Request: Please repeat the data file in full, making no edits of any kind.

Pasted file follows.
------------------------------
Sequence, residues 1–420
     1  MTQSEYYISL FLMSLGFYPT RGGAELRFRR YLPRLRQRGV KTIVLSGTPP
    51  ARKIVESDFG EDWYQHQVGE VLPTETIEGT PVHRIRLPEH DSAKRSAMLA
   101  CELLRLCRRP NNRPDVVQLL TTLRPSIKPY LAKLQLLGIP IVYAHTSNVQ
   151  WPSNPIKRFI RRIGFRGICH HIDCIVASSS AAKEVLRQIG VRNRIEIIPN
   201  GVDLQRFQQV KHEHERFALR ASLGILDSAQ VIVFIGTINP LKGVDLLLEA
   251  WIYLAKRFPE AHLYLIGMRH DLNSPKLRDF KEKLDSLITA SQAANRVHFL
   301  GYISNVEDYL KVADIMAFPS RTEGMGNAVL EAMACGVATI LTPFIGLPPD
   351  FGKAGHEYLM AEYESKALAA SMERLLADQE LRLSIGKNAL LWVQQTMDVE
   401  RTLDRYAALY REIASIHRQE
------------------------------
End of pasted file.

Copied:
Sequence, residues 1–420
     1  MTQSEYYISL FLMSLGFYPT RGGAELRFRR YLPRLRQRGV KTIVLSGTPP
    51  ARKIVESDFG EDWYQHQVGE VLPTETIEGT PVHRIRLPEH DSAKRSAMLA
   101  CELLRLCRRP NNRPDVVQLL TTLRPSIKPY LAKLQLLGIP IVYAHTSNVQ
   151  WPSNPIKRFI RRIGFRGICH HIDCIVASSS AAKEVLRQIG VRNRIEIIPN
   201  GVDLQRFQQV KHEHERFALR ASLGILDSAQ VIVFIGTINP LKGVDLLLEA
   251  WIYLAKRFPE AHLYLIGMRH DLNSPKLRDF KEKLDSLITA SQAANRVHFL
   301  GYISNVEDYL KVADIMAFPS RTEGMGNAVL EAMACGVATI LTPFIGLPPD
   351  FGKAGHEYLM AEYESKALAA SMERLLADQE LRLSIGKNAL LWVQQTMDVE
   401  RTLDRYAALY REIASIHRQE